This year’s Workforce Development Track of the Making Cents conference saw more than a tenfold increase in proposal submissions and will feature a record number of panelists across nine distinct workforce themed panels. The lineup of proposals and participants provides terrific insight into the range and diversity of workforce issues that the development community and countries at large are grappling with, including public private partnerships, work-based learning interventions, soft-skills measurement, technology applications, career development practices and mentorship programs.
My name is Matthew French and I work for JBS International, Inc. This blog draws upon research conducted under contract with USAID’s office of Education (read the full youth engagement report here), as well as my own experiences working with young people.
Making Cents International, International Development Research Centre, National Scientific & Technical Research Council, FLASCO Costa Rica, Fundacion Salvador del Mundo (FUSALMO)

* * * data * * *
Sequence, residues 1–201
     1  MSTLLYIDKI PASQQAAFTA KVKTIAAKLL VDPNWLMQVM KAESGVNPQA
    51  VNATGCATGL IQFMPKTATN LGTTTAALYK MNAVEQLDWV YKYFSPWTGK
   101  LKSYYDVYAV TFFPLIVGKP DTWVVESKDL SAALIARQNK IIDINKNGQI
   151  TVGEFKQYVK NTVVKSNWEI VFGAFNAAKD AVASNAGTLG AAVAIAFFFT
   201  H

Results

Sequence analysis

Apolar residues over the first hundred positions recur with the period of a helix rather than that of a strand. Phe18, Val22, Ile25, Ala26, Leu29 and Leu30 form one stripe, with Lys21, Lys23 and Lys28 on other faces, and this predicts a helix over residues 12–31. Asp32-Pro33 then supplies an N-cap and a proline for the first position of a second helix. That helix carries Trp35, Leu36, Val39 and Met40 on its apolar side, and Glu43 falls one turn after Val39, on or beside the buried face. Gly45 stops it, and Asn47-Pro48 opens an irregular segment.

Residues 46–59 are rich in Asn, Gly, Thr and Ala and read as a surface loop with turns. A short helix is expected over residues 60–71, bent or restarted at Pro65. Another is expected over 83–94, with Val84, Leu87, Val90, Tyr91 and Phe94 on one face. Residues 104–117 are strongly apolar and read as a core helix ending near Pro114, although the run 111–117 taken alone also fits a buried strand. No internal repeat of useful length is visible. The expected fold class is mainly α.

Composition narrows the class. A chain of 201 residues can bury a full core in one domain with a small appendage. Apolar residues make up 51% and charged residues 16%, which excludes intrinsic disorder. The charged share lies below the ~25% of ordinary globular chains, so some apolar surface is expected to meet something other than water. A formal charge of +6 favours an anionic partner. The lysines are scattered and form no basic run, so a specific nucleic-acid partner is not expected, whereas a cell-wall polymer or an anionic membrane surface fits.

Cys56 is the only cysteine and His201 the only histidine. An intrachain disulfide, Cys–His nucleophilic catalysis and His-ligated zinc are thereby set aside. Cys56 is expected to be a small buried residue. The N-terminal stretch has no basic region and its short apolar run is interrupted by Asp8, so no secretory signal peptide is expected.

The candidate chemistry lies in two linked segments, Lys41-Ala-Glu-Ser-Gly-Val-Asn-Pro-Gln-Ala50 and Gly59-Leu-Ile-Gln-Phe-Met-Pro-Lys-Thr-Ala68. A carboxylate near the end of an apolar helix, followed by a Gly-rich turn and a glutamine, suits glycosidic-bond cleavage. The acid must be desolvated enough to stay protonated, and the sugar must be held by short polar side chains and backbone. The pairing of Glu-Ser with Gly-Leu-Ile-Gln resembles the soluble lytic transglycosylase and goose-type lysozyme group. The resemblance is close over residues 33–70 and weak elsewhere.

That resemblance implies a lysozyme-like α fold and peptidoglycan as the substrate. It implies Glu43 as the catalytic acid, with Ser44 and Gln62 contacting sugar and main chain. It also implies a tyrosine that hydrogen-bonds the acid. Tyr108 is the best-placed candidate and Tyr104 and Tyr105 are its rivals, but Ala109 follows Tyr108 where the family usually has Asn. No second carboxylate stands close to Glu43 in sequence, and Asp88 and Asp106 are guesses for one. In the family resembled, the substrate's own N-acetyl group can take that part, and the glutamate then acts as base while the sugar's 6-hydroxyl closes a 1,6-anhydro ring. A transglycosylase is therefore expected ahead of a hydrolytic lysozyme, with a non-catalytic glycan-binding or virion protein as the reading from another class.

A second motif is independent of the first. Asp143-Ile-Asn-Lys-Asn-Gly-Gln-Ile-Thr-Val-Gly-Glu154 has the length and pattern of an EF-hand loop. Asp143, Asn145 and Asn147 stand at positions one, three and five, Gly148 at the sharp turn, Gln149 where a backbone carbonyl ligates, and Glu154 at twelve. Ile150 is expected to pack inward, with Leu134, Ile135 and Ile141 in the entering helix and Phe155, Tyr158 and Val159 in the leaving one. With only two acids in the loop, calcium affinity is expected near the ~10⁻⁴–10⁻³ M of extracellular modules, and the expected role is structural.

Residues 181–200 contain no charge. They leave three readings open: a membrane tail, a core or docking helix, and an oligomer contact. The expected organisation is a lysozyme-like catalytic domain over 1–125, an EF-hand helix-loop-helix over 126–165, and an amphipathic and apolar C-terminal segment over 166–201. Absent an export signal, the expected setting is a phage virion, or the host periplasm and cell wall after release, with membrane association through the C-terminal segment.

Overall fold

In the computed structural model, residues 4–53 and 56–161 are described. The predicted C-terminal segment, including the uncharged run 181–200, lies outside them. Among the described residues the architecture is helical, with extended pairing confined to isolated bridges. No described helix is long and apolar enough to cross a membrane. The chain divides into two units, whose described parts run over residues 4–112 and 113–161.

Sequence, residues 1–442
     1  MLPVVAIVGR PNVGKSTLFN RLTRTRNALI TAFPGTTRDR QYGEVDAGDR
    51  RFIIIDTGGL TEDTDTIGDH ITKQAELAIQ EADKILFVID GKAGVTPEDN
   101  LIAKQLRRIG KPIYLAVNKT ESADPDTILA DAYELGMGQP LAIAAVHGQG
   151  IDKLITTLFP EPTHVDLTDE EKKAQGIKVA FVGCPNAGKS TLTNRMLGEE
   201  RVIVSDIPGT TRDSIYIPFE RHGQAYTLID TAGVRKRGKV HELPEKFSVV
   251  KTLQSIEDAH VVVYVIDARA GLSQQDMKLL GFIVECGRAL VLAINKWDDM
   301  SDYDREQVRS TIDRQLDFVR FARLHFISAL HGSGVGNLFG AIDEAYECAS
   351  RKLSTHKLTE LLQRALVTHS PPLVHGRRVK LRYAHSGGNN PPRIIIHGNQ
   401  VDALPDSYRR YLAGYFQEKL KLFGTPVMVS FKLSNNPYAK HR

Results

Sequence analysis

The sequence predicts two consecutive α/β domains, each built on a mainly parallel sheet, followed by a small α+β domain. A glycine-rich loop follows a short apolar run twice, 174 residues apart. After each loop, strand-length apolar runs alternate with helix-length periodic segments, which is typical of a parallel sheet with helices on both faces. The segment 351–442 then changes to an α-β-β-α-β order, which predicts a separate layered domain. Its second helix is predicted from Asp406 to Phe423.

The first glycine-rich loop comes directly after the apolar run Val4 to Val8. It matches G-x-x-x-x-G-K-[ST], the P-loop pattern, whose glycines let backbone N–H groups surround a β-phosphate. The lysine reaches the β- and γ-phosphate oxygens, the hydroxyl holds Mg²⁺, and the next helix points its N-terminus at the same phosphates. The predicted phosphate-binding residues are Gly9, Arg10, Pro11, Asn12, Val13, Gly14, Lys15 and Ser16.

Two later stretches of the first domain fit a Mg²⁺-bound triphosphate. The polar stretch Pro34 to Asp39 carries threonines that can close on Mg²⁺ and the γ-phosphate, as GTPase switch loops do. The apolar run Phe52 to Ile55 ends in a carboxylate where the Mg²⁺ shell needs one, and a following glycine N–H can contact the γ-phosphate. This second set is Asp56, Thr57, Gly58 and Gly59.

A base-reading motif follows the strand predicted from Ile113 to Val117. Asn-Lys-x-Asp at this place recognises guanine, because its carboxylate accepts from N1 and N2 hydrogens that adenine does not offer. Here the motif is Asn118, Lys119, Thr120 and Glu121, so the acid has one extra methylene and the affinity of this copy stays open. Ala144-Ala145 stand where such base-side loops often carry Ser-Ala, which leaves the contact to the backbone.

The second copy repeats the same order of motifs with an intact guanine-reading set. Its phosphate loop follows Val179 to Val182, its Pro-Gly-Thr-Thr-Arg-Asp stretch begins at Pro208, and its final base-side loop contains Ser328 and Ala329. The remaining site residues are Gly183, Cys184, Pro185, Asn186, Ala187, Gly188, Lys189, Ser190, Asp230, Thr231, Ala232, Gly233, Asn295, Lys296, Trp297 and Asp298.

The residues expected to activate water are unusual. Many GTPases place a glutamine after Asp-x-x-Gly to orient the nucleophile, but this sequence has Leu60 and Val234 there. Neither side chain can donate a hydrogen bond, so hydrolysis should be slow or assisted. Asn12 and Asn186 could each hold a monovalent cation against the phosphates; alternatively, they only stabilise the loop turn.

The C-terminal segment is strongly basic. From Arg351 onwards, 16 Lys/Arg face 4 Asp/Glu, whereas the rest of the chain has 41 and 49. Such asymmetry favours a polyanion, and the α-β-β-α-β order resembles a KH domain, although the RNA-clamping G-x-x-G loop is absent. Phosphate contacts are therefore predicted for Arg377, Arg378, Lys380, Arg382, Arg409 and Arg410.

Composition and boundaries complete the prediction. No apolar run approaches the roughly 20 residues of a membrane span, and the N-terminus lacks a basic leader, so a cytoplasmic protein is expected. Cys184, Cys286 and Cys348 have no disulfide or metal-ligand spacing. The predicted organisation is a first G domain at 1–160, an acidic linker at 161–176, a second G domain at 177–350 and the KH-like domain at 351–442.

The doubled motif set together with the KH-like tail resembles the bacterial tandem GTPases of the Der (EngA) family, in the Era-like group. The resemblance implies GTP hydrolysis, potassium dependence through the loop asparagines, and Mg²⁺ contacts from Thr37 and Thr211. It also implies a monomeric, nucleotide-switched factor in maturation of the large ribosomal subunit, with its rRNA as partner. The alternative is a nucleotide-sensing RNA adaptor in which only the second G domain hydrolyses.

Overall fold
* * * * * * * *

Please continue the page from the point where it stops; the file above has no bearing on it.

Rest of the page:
Five of the top countries in the world with the highest youth homicide rates are in Latin America and the Caribbean. Violence impact youth opportunities. On the one hand, violence negatively affects economies, education and employment. On the other, youth are overrepresented in crime statistics, both as perpetrators and as victims of violence. The cross road between youth, violence and economic opportunities has become a policy priority.
Showcase your work globally! This photo contest provides you, as a young changemaker, a global platform to show the impact of your changemaking activities. We will award ten prizes to the best photos that demonstrate how your work creates a positive impact in your community.
We are looking for creative and high-quality photos that tell a powerful story of how you are achieving impact in your community, however you define that community—your neighborhood, your district, your school or university, your country….or the planet.
In 2013, the United Nations projected that Africa would be home to over 40 percent of the global youth population by 2030. The challenge of how to successfully absorb these young people into the formal economy became top of mind for governments, policymakers and development practitioners.